The rain continues, so I am basically stuck here. At the back I check out their library and settle down into a plush sofa. I read over a book on parenting (reminding myself that kids are a load of responsibility, but it would be the way to get into dirtbikin'). Next, I polish off a tourist book on Central America (minus the parts in Spanish), then a coffee table book on Spain, and finally a textbook on Television production (there's more to producing a TV program than what we see on TV).

The rain finally stops by late afternoon, erasing most of my day, but my battery is charged and I'm now ready to rock and roll.

After Fort Lauderdale, it soon gets dark, and I'm now just north of Miami. As I crest an overpass, my map packet comes loose from my handlebars.
Drat, there goes my maps, registration card and so on. I gotta stop, walk back, and look for it.

I spot it soon enough, but the traffic is heavy, so I can only helplessly watch the cars run over it, hoping it won't be torn to shreds by the time I can get at it. Finally a break in the traffic so I can run out and grab it. Fortuantely it's all intact, save for that map of St. Petersburg (which I won't need anyway).
I tie it back on my handlebars so it won't come loose again.

But I have another problem. The battery doesn't seem to be holding its charge so I will need a new one, so I keep an eye out for another Advance Auto. Fortunately it's next to a motel, so I can buy a replacement battery and get it charged overnight.

I park my bike under the alcove because of the rain. I'm pretty far south, so it feels rather muggy.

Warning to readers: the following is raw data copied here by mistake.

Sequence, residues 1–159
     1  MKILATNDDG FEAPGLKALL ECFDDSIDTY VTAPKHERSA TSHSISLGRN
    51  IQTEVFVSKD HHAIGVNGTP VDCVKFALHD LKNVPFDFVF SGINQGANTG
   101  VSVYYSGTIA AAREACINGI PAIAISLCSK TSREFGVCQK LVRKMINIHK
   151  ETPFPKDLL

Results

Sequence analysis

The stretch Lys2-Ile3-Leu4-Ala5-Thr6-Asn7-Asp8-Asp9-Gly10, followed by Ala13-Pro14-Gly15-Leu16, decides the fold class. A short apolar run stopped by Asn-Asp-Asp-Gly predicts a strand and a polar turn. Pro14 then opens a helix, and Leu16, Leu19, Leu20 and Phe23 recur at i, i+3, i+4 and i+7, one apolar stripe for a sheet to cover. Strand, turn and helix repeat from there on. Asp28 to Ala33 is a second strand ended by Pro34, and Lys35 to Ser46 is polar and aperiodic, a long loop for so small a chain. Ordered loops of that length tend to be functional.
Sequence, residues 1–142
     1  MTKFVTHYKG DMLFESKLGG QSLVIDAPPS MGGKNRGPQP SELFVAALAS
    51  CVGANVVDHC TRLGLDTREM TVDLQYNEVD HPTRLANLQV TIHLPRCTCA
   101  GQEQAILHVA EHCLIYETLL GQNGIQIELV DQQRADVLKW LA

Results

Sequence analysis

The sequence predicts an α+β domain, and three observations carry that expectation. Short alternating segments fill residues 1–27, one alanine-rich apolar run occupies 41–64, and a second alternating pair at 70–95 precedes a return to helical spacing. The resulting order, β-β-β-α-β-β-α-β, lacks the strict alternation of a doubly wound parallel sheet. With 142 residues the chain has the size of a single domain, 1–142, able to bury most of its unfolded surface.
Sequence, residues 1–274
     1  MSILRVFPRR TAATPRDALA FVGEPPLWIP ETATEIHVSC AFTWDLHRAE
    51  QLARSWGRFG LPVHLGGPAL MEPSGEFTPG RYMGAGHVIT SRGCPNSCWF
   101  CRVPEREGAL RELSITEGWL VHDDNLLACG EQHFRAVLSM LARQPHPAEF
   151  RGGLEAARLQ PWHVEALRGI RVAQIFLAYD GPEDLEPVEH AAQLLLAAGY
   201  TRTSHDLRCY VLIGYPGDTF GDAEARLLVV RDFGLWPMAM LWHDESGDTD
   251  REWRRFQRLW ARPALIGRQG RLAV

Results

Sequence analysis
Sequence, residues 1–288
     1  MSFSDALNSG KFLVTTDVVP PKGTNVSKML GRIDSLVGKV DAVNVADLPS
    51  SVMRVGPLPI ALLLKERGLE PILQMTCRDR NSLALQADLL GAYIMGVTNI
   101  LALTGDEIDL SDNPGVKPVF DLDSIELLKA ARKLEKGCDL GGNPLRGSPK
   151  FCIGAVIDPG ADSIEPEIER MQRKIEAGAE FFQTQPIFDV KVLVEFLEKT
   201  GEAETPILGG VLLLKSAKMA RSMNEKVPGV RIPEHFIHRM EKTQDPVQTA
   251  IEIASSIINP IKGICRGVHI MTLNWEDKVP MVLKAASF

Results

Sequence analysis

Hard to believe I actually need to run the air conditioning.

This is an older motel from the 60s. Nice and roomy.

Wake up to a nice day, no rain.

After breakfast at Denny's and installing my new battery, I'm ready to rock and roll. The day looks nice, and I have a lot of ground to cover.
I didn't make much progress yesterday due to the rain. I plan to make it to Key West today.

Now heading towards downtown Miami on US 1, you may wonder why I'm stopping here.

Because there's a Tiger in the window of a furniture store! One thing I love about riding, is that you can stop just about anywhere.

Now my digital camera dies. Darn it. Can't seem to get it to work. So, I either pack it in, and that's the end of the photos, or buy another camera.
I pass by a Staples where I buy an Olympus camera to replace the Kodak that just died.

Soon after that I'm close to downtown, looking as some lofty condos that no doubt overlook the eastern shore and Miami Beach.

Now, I would normally keep on US 1, pass right through downtown Miami but I have a conquest. I need to visit MZ Miami to get some parts for my MZ back home. I learned about this place at Mid Ohio last year where I met another MZ Rider (he was on a Saxon).

Behind schedule that I am, I don't have time to explore downtown, so I head towards I-395 (Dolphin Expressway) which will take me west of downtown.

By now it's worth putting in a sidebar about US 1. I found from Vero Beach all the way to Miami it was built up all the way.